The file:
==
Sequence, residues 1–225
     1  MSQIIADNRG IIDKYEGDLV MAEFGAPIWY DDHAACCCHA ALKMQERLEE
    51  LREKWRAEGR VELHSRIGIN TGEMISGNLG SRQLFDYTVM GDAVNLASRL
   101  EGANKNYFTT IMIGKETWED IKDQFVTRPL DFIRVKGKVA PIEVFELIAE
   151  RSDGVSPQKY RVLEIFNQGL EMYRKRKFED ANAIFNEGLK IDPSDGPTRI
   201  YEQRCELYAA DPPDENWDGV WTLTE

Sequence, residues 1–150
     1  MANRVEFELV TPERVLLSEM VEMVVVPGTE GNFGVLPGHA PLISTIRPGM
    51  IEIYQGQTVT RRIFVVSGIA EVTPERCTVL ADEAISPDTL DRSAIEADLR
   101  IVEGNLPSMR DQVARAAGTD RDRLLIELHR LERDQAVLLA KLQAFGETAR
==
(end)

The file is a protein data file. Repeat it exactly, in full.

Sequence, residues 1–225
     1  MSQIIADNRG IIDKYEGDLV MAEFGAPIWY DDHAACCCHA ALKMQERLEE
    51  LREKWRAEGR VELHSRIGIN TGEMISGNLG SRQLFDYTVM GDAVNLASRL
   101  EGANKNYFTT IMIGKETWED IKDQFVTRPL DFIRVKGKVA PIEVFELIAE
   151  RSDGVSPQKY RVLEIFNQGL EMYRKRKFED ANAIFNEGLK IDPSDGPTRI
   201  YEQRCELYAA DPPDENWDGV WTLTE

Sequence, residues 1–150
     1  MANRVEFELV TPERVLLSEM VEMVVVPGTE GNFGVLPGHA PLISTIRPGM
    51  IEIYQGQTVT RRIFVVSGIA EVTPERCTVL ADEAISPDTL DRSAIEADLR
   101  IVEGNLPSMR DQVARAAGTD RDRLLIELHR LERDQAVLLA KLQAFGETAR